ECM Connectors and Contacts|
The Machine ECM determines actions that are based on input information and memory information. After the Machine ECM receives the input information, the ECM sends a corresponding response to the outputs. The inputs and outputs of the Machine ECM are connected to the machine harness by two 70 contact connectors (J1 and J2). The ECM sends the information to the AVSpare Electronic Technician (Cat ET) on the Cat Data Link.
Note: The ECM is not serviceable. The ECM must be replaced if the ECM is damaged. Replace the ECM if a failure is diagnosed.
In order to aid in diagnostics of certain types of electrical circuits that are controlled by the ECM, an internal "pull up voltage" is connected to ECM switch and sensor signal input contacts. An above normal voltage is internally connected to the ECM signal input circuit through a resister.
During normal operation, the switch or sensor signal will hold the circuit low or at a certain signal amplitude, however, circuit conditions such as a loss of power to the component, a disconnection, or an open circuit will allow the circuit to be pulled high by the ECM pull up voltage. This condition will result in an above normal voltage condition at the ECM contact. As a result, the ECM will activate an FMI 03 (voltage above normal) diagnostic code for the affected circuit.
The types of ECM input circuits that have pull up voltage present are:
- Pulse Width Modulated (PWM) sensor input circuits
- Switch to Ground Input switch input circuits
- Active analog (voltage) input signal circuits
- Passive analog (resistance) input signal circuits
In order to aid in diagnostics of electrical circuits that are controlled by the ECM, an internal "pull down voltage" is connected to ECM switch to battery type input circuits.
During normal operation, the switch contacts that are allowing the connection to a voltage source will hold the circuit high. When circuit conditions such as a loss of power to the switch supply voltage, a disconnection in the switch circuit or an open circuit will allow the circuit to be pulled low by the ECM pull down voltage. This condition will result in a below normal voltage condition at the ECM contact. As a result, the ECM will activate an FMI 04 (voltage below normal) diagnostic code for the affected circuit.
|Machine ECM Contact Description J1 Contact Descriptions(1)|
|6||Differential Speed Input (+)||Engine Speed Sensor +|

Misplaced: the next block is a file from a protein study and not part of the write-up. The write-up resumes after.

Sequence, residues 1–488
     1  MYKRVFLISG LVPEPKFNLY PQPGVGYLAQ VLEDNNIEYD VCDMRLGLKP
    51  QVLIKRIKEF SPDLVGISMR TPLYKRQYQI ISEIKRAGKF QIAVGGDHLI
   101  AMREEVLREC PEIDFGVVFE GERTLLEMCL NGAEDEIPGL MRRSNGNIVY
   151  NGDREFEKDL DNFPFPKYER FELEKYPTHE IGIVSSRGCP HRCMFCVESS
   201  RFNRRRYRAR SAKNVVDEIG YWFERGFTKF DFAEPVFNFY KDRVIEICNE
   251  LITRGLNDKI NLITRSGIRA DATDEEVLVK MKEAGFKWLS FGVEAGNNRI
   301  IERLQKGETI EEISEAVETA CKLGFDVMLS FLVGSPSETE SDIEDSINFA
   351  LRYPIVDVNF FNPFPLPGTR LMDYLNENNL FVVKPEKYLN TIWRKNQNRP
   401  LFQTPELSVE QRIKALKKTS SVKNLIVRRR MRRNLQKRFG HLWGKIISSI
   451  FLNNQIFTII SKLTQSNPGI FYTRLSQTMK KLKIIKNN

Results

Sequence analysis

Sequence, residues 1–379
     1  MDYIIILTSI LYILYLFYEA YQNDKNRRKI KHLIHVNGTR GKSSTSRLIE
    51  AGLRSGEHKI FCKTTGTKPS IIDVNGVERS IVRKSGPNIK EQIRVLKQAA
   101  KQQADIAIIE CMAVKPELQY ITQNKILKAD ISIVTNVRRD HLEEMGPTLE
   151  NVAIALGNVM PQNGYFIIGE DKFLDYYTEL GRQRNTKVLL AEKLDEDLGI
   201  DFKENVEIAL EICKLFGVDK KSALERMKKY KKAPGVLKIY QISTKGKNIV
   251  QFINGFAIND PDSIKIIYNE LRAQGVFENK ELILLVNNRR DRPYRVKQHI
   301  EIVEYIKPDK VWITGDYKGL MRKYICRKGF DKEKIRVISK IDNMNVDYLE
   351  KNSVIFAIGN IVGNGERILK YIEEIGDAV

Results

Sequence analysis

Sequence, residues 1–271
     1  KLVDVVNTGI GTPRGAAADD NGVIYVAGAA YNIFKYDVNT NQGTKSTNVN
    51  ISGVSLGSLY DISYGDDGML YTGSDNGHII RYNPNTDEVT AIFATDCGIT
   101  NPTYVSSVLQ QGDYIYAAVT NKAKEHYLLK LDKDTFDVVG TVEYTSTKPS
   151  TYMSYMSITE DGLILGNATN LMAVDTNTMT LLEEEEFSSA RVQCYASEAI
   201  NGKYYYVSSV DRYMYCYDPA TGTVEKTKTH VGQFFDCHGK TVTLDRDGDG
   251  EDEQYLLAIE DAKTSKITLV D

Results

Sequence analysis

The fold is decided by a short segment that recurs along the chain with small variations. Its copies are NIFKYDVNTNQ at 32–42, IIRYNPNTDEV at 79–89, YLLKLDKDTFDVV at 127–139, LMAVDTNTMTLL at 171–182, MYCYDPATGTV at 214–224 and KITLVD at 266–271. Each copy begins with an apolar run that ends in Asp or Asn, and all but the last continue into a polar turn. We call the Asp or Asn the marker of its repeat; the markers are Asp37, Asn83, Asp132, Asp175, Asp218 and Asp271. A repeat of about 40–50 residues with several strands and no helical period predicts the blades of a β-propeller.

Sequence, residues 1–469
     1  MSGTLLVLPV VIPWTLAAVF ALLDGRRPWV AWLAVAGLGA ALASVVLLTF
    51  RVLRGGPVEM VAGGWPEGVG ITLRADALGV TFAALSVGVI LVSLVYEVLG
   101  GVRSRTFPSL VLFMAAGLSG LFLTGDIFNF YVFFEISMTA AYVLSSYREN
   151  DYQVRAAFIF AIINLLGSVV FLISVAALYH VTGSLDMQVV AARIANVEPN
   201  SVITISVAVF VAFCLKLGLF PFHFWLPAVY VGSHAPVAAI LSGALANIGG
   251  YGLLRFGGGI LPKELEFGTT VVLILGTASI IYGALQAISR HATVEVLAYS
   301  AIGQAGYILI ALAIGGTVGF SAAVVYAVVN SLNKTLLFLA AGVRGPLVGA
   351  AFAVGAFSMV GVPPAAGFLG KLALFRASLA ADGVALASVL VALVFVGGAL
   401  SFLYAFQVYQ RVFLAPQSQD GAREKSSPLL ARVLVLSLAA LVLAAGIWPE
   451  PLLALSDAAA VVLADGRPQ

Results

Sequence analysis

|7||Differential Speed Input (-)||Engine Speed Sensor -|
|11||Sensor Power Output||5V Sensor Supply|
|13||Battery Return||Battery -|
|21||Sensor Power Return||5V Sensor Return|
|23||Battery Return||Battery -|
|29||Analog Input||Power Train Oil Tank Temperature Sensor|
|30||Analog Input||Separate Circuit Coolant Temperature Sensor|
|31||Battery Power Input||Battery +|
|35||Switch to Ground Input||Parking Brake Switch (N/O)|
|37||Analog Input||Power Train Lubrication Pressure Sensor|
|38||Battery Power Input||Battery +|
|39||Battery Power Input||Battery +|
|40||Switch to Ground Input||Parking Brake Switch (N/C)|
|44||Sensor Power Output||8 V Sensor Supply|
|45||Sensor Power Return||8 V Sensor Return|
|47||Battery Power Input||Battery +|
|55||Souring Driver Return||Proportional Brake Solenoid Return|
|56||Sensor Power Return||10V Return|
|57||Battery Return||Battery -|
|58||Sourcing Driver Output||Proportional Brake Solenoid|
|60||Sourcing Driver Return||PWM Driver 5-8 Return|
|65||Sourcing Driver Output||Proportional Brake Valve Solenoid|
|66||Sourcing Driver Output||Transmission Forward Clutch|
|69||Sensory Power Output||10V Sensor Supply|
|70||Battery Return||Battery -|
|(1)||Contacts that are not listed are not used.|
|(2)||The connector contacts that are not listed are not used.|
|Machine ECM Contact Description J2(1)|
|3||Sourcing Driver Output||Brake Dump Valve Solenoid|
|4||Sourcing Driver Return||Brake Dump Valve Solenoid|
|6||Sourcing Driver Output||Backup Alarm|
|8||Sourcing Driver Return||Load Return 2|
|22||Return||Sensor / Driver Return|